“He was complete calm,” Brailey said. Skhoop’s owner doesn’t remember exactly what words were exchanged. He does remember Mellerstig saying he was “sorry. I’m sorry.”
Mellerstig could not be reached for this story.
Brailey doesn’t know if he voiced the thoughts racing through his head at the time: “What the hell are you doing opening up with a semi-automatic handgun in a neighborhood full of people and kids?”
“I was in shock,” Brailey admitted. “I walked away in shock.”
Still in shock, he sat down for a conference call seven minutes later. A hydrologist who works out of his home, Brailey could only remember his shock-numbed brain trying to focus on professional responsibilities.
“I kind of had to listen to what was being said on the phone,” he said, but he wasn’t really listening all that well. His mind was elsewhere.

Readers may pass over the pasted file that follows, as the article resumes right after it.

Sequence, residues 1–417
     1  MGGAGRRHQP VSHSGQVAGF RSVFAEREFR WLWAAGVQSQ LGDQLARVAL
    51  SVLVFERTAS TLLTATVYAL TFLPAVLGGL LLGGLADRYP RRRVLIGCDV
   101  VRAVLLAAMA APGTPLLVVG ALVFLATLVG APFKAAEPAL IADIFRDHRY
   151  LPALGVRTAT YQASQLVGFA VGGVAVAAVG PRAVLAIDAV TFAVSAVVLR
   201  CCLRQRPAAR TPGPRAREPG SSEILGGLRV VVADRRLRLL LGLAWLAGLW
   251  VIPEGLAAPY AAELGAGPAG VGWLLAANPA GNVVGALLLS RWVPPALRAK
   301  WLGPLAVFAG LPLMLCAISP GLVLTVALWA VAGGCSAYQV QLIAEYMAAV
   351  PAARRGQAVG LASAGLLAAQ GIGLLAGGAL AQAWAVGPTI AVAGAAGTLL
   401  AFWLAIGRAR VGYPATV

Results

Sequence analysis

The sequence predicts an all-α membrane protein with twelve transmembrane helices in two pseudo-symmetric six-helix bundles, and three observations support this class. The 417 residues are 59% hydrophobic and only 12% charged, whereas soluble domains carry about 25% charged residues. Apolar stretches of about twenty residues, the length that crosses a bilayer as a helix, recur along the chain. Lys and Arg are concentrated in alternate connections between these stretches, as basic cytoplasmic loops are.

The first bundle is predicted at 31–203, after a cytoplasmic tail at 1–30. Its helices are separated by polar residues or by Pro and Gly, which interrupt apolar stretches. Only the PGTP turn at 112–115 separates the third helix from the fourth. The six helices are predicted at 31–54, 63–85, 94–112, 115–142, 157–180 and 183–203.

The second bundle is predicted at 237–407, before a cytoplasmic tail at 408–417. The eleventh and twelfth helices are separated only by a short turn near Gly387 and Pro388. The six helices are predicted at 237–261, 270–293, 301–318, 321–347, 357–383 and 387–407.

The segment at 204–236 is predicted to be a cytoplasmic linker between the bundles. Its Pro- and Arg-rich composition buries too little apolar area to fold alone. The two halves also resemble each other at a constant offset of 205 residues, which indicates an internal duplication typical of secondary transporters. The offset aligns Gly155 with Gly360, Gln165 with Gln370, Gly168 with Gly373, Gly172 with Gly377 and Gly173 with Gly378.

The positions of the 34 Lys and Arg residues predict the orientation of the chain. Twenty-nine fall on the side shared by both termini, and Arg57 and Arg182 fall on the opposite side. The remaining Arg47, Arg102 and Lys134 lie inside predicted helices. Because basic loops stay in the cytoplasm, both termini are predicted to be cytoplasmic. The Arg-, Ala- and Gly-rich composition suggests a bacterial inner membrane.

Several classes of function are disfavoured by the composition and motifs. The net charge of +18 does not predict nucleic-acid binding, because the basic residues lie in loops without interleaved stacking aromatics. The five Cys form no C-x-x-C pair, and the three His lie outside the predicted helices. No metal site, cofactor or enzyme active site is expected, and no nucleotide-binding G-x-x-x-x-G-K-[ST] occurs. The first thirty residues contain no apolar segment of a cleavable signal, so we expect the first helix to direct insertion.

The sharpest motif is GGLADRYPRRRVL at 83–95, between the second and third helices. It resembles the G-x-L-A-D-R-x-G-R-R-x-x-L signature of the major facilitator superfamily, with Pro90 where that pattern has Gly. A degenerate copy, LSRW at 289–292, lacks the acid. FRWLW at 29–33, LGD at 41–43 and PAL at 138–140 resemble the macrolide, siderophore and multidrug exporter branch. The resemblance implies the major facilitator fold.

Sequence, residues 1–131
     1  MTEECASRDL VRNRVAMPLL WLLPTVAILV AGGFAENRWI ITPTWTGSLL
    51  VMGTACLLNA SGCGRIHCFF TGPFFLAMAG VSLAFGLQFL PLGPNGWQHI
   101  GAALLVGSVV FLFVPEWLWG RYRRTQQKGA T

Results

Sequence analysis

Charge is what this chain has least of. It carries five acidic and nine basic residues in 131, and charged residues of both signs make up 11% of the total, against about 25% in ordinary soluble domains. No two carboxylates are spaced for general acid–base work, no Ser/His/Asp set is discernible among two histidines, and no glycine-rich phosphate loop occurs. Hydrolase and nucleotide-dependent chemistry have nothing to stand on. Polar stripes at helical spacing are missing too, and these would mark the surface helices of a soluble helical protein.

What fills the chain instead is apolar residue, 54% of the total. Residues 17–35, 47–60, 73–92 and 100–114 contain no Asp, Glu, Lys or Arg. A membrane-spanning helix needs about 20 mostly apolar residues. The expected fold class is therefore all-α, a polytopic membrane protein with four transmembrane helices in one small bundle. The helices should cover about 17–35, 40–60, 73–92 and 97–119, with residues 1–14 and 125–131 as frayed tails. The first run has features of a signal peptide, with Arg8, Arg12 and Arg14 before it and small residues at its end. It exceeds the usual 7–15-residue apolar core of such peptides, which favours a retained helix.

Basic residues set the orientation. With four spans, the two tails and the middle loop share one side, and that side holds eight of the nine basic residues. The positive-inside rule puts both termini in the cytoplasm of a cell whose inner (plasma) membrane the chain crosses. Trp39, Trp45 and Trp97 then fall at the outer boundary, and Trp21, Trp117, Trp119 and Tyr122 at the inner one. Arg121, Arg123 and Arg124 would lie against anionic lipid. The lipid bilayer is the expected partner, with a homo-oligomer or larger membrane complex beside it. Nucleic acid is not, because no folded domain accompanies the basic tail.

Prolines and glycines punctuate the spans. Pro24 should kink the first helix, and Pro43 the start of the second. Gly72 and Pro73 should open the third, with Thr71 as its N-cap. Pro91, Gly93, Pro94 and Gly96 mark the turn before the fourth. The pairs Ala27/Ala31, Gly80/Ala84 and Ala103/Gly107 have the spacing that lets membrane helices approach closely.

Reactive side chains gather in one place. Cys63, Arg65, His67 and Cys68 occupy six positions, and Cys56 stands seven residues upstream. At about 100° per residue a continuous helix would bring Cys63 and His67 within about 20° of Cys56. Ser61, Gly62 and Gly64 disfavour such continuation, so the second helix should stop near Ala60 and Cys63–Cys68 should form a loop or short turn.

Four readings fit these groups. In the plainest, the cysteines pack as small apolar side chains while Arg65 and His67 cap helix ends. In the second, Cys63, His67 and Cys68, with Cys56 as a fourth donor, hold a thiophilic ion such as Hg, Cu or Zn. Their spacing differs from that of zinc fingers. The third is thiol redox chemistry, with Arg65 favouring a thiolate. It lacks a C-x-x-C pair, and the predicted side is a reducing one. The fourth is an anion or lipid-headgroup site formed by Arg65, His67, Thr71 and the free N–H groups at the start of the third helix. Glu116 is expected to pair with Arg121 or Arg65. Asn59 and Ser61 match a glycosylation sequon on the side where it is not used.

Then “my wife came and home and was crying,” he said, and then the police and animal control showed up.
Brailey remembers an APD officer asking “‘what do you want me to do?’ I couldn’t talk,” Brailey said. “I was so emotional.”
Mellerstig, a blonde man with a friendly face, was out in the street again. The APD officer was asking him questions, too.
“You two have met, obviously,” Brailey remembered the officer saying. Brailey said, “no;” they’d never met. The officer, according to Brailey, explained that “(Mellerstig) said he felt threatened. The police officer was obviously worried something was going to happen between us.”